Coca-Cola, baseball and jazz are prime examples of bits of American culture that have been successfully exported to the rest of the world. But what about the most American of shopping holidays, Black Friday? Could a shopping holiday that is timed to capitalize on a day that only Americans have off from work possibly have been exported to the rest of the world? The idea of a ‘shopping holiday’ can certainly only exist in the United States. Right?
Powered by an abundance of curiosity, and a global network of 2+ million data collectors armed with Premise Data’s app across more than 100 countries, we thought we’d see to what extent Black Friday is a ‘thing’ outside of the U.S.? And, of course, we wanted to take a global look at what Black Friday looks like amid a once-in-a-hundred years pandemic.
Gathering the Insights
We conducted this study in two pieces. First, we executed a survey (November 18 to 25) among 2,400+ Premise Contributors across nine countries to understand their awareness of and plans for Black Friday weekend. Our initial research suggested that Black Friday deals have historically existed as a key driver for bringing shoppers into stores. Then we asked a smaller group of around 150 contributors to let us virtually ride along with them on their Black Friday shopping journeys, capturing observations, feelings and photos along the way.
Here’s what we learned.
Black Friday Isn’t Just for Americans Anymore
Black Friday, it seems, has spread well beyond the United States. Sixty-one percent of our respondents—of whom Americans represented only 36%—said they had shopped during Black Friday weekend in 2019. Seventy-one percent of our Brazilian contributors had shopped for Black Friday weekend deals, compared with only 54% of Americans! The image below showcases photos of storefronts outside of the U.S. and the familiar variations on Black Friday deals captured by our contributors across the world.
Omnichannel shopping behaviors are also surprisingly well entrenched globally. Thirty-five percent of all Black Friday shoppers shopped online and in-store in 2019, compared with 36% that shopped only online and 30% who shopped only in physical stores.
What does distinguish Americans from other global Black Friday celebrants is our level of intensity. While it seems, people in countries that celebrate Christmas enjoy the sales that represent the annual kickoff of the holiday season, the Americans that do shop Black Friday deals do so with an intensity that puts the rest of the world to shame. We shop at more stores on Black Friday weekend, we are more likely to shop both online and in-store, and we are much more likely to get up early, presumably to take advantage of deals. Perhaps the ‘doorbuster’ pricing strategy has (happily for those outside of the U.S.) thus far defied export. What’s more probable is that Americans are likely to have the Friday after Thanksgiving off, while the rest of the world has to work.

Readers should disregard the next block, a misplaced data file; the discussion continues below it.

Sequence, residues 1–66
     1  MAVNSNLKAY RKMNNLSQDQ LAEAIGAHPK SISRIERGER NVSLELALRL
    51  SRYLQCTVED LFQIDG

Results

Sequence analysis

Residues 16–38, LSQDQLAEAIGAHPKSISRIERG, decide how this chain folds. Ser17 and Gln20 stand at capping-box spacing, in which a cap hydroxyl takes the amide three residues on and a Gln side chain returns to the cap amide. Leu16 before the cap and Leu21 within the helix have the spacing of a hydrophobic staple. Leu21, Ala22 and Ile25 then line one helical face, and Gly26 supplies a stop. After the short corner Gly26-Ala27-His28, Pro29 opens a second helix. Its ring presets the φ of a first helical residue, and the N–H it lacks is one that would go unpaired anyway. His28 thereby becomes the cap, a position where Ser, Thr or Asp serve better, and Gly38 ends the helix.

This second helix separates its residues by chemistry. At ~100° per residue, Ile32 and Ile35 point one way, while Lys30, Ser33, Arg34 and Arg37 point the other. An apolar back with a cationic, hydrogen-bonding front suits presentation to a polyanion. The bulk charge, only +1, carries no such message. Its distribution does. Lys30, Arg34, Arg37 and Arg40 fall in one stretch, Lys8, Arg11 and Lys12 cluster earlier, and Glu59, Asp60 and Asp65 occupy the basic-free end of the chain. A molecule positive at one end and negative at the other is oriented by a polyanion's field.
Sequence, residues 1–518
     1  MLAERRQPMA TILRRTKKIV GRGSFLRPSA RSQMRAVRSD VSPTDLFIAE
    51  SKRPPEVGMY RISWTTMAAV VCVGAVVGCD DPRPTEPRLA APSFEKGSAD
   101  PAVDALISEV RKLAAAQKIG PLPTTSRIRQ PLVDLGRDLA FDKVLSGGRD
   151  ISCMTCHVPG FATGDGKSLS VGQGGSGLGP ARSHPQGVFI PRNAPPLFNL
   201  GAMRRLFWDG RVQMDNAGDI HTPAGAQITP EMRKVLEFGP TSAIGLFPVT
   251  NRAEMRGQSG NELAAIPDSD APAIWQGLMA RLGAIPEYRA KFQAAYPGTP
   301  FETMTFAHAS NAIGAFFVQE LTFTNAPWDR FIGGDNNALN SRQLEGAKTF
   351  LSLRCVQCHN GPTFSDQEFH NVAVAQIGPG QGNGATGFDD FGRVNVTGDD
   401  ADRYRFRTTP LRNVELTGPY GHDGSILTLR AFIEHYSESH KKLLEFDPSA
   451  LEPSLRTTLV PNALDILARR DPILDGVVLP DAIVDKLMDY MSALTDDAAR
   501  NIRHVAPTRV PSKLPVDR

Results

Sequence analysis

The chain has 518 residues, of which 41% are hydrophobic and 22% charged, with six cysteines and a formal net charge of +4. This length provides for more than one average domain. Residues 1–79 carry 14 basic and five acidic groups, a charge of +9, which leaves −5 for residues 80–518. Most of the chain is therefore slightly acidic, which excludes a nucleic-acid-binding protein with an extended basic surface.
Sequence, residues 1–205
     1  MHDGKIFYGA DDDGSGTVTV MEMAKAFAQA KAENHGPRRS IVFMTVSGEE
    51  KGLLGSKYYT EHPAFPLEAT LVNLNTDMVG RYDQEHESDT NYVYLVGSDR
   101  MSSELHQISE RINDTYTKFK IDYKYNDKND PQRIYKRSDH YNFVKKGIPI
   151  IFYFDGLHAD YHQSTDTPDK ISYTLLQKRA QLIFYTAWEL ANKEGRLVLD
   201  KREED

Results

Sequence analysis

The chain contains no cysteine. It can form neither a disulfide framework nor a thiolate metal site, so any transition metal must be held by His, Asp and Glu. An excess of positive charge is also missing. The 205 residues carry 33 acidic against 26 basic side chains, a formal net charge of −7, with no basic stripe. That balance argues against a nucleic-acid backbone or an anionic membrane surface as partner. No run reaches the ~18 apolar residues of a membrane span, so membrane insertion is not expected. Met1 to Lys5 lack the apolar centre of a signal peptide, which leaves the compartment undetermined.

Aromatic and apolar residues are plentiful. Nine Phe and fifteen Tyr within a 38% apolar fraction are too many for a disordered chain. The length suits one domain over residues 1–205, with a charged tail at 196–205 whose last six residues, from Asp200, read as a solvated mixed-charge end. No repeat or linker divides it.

Not surprisingly, our contributors report that their plans for Black Friday 2020 are far more conservative than last year, driven by fears of COVID-19 and a global pinch on wallets. Even among a sample of contributors where 61% reported that they had shopped on Black Friday in 2019, plans to shop in-store for Black Friday deals in 2020 were rare. Only 8% of our U.S. contributors reported that they were highly likely to shop in-store for Black Friday deals this year.
Among those that indicated that they might shop in-store for Black Friday, the key drivers of store selection were all safety-driven. In a reversal of everything that we’ve historically known about Black Friday, only 5% of those who said they might shop in-store this Black Friday said great deals were a significant driver of store choice. Far more important were safety-related considerations: adherence to social distancing guidelines, mask mandates and compliance, and management of customer capacity limits were far more important than the quality of deals.
A Relaxed Black Friday 2020
What did our contributors experience? Not surprisingly, with COVID-19 cases surging across the globe, Black Friday was a far more relaxed affair than it has been historically. The majority of shoppers that went to stores with parking lots reported that parking lots were half full or less than half full. Only 11% of Black Friday shoppers reported a line in front of the store they were shopping and only 22% of contributors reported stores that were crowded or very crowded. 93% of contributors reported that the items they were shopping for were in-stock, a welcome relief from the manic scramble of years past for the best deals or the hottest toy.
For those who didn’t make it out to stores on Black Friday, the good news is that our contributors’ submissions suggest that deals were less than dazzling. On a five-point scale, only 27% of contributors reported that deals were incredible (5 out of 5). Two-thirds ranked the quality of deals as either a three or four out of five.
Black Friday 2020 will undoubtedly be disappointing for many retailers, particularly those that operate in the U.S. and have historically depended on doorbuster promotions to drive masses of competitive shoppers out of their beds. On the positive side, we seem to have gotten through this event safely and we’ve still got more than three weeks to complete our shopping. Online retailers…get ready!
If you’re interested in learning more about this data or how Premise can help you collect global insights you can contact me at firstname.lastname@example.org.